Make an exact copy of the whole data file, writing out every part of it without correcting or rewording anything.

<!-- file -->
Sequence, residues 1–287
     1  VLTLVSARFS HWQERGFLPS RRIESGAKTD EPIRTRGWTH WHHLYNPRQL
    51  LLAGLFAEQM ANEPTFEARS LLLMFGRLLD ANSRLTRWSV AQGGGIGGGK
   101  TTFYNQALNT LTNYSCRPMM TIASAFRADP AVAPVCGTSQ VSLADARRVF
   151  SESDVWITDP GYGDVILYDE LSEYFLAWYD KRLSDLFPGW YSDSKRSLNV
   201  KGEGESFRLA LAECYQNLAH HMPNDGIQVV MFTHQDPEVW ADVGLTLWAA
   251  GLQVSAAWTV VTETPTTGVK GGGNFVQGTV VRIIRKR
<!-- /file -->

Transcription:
Sequence, residues 1–287
     1  VLTLVSARFS HWQERGFLPS RRIESGAKTD EPIRTRGWTH WHHLYNPRQL
    51  LLAGLFAEQM ANEPTFEARS LLLMFGRLLD ANSRLTRWSV AQGGGIGGGK
   101  TTFYNQALNT LTNYSCRPMM TIASAFRADP AVAPVCGTSQ VSLADARRVF
   151  SESDVWITDP GYGDVILYDE LSEYFLAWYD KRLSDLFPGW YSDSKRSLNV
   201  KGEGESFRLA LAECYQNLAH HMPNDGIQVV MFTHQDPEVW ADVGLTLWAA
   251  GLQVSAAWTV VTETPTTGVK GGGNFVQGTV VRIIRKR